Footing the Tuition Bill: The New Student Loan Sector

Overview

A college degree is the key to opportunity and economic success in America today, a fact that has brought new attention to questions of college access and affordability. Footing the Tuition Bill explores fundamental questions about the purposes of federal student loans, how well traditional arrangements work, and how innovations might offer guidance for rethinking the design of financial aid. This collection of studies examines why the private postsecondary lending market has emerged, what it looks like, and the ...

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Overview

A college degree is the key to opportunity and economic success in America today, a fact that has brought new attention to questions of college access and affordability. Footing the Tuition Bill explores fundamental questions about the purposes of federal student loans, how well traditional arrangements work, and how innovations might offer guidance for rethinking the design of financial aid. This collection of studies examines why the private postsecondary lending market has emerged, what it looks like, and the possibilities and tensions it poses for the future efforts to ensure that the doors of college are open to all Americans.

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Product Details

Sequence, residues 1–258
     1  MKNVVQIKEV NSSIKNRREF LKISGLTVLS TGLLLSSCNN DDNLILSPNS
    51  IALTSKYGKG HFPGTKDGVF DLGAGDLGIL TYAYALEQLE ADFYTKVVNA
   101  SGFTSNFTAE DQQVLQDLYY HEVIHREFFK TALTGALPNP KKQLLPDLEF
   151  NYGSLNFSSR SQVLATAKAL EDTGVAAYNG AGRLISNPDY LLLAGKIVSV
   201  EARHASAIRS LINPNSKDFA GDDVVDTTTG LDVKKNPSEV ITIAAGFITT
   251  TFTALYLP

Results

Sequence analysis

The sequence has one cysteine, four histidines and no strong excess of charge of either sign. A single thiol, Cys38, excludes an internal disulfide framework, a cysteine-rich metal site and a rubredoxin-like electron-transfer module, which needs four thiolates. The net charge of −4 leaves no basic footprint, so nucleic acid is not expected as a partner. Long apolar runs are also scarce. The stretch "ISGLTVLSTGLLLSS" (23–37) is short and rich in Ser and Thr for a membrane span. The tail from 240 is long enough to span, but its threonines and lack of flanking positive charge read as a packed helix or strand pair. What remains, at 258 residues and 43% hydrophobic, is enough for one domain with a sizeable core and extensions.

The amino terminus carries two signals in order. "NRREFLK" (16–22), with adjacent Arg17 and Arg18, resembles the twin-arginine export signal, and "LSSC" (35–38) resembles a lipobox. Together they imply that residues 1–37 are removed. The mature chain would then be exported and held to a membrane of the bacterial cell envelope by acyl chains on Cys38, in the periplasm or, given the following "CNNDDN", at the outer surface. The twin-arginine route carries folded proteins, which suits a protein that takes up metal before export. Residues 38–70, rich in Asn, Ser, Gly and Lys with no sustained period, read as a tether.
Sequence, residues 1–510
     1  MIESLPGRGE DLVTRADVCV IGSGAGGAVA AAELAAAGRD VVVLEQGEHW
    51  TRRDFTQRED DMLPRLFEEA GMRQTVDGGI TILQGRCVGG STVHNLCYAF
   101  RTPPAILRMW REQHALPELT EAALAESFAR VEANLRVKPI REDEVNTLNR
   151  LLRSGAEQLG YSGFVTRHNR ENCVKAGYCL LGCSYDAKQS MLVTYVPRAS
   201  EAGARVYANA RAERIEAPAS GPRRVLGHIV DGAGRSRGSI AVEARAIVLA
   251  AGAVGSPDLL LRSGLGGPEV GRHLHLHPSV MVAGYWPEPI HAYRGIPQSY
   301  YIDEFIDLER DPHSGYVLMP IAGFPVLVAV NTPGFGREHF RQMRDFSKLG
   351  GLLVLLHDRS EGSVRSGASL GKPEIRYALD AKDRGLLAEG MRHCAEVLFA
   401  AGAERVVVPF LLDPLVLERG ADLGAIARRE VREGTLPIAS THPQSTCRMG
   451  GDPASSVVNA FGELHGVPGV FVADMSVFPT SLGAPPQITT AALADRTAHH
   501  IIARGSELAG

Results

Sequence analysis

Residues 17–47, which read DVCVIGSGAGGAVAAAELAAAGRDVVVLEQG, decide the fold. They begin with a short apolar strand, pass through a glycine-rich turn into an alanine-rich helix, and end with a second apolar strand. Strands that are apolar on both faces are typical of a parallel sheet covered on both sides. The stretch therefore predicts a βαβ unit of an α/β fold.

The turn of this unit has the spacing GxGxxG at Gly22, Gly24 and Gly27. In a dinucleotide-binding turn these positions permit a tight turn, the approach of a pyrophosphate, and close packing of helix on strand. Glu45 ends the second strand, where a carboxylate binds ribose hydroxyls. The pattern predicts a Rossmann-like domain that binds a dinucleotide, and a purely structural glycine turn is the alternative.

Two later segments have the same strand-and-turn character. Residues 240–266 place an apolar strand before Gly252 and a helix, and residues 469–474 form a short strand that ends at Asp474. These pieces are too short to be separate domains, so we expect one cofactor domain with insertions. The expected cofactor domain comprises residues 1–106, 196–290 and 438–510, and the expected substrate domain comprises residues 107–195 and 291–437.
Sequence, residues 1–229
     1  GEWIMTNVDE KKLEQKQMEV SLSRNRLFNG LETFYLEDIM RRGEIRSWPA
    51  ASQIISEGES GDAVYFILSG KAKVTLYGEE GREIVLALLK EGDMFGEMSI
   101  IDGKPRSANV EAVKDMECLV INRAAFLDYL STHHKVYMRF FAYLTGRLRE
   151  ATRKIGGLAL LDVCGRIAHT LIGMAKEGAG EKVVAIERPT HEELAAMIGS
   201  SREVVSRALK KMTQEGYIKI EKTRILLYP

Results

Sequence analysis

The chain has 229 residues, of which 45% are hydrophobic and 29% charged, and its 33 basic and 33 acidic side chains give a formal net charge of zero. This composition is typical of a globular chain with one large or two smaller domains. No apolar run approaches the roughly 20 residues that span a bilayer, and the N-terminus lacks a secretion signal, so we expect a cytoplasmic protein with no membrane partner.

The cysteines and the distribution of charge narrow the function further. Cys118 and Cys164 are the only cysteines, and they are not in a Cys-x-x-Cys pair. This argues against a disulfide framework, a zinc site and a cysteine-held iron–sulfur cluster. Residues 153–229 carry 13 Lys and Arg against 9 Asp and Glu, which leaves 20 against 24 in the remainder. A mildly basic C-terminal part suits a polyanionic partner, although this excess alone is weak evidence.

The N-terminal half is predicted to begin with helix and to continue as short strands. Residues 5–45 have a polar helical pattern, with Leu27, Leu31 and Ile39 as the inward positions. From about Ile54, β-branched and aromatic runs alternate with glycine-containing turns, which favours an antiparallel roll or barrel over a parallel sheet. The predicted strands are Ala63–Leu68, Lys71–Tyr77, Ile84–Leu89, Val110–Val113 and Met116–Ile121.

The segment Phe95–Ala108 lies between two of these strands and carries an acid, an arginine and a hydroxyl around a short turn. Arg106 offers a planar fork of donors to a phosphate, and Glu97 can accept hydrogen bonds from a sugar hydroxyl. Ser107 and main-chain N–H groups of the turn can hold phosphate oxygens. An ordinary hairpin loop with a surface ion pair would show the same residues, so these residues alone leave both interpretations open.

• ISBN-13: 9780844742533
  • Publisher: American Enterprise Institute for Public Policy Research
  • Publication date: 5/25/2007
  • Pages: 312
  • Product dimensions: 6.04 (w) x 9.09 (h) x 0.96 (d)

Table of Contents

List of Illustrations

Acknowledgments

Introduction Frederick M. Hess Hess, Frederick M. 1

The Federal Loan Landscape 7

A Quick Guide to Key Actors 9

An Anachronistic System? 12

Overview of the Volume 15

1 Higher Education's Student Financial Aid Enterprise in Historical Perspective John R. Thelin Thelin, John R. 19

Principles and Precedents: The Historic Roots of Financial Aid 20

The Principles and Pilot of the 1944 GI Bill 22

The 1947 Truman Commission Report: Access and Affordability 24

Some Landmark Developments of the Past Half-Century 26

The High Tide of Federal Student Financial Aid Programs: The 1972 Reauthorization of the Higher Education Act 28

Readjustments of Federal Student Aid Programs, 1978-90 34

Closing the "Tuition Gap" in Statewide Higher Education Planning: State Scholarships and Independent Colleges 35

Recent Trends 37

Conclusion: Connecting Past and Present in Policy Analysis 40

2 Opportunity Costs: The Politics of Federal Student Loans Andrew Rudalevige Rudalevige, Andrew 42

Federal Student Loans: Actors, Organizations, and Issues 45

Institutions of Higher Education 46

Students 50

Lenders and Guarantors 52

The Higher Education Act, Forty Years On 59

The Path (Dependence) Ahead 68

Muddling Through 69

Fiscalization and Polarization 70

What's Next? 72

3 Private Lending and Student Borrowing: A Primer Christopher Mazzeo Mazzeo, Christopher 74

Defining Private Loans 76

Profiling the Private Loan Industry 79

Understanding the Growth of Private Loans 83

Loan Limits and Rising Tuition 84

College Choice 86

Who Are Private Borrowers? 89

Recommendations for Federal and StatePolicymakers 91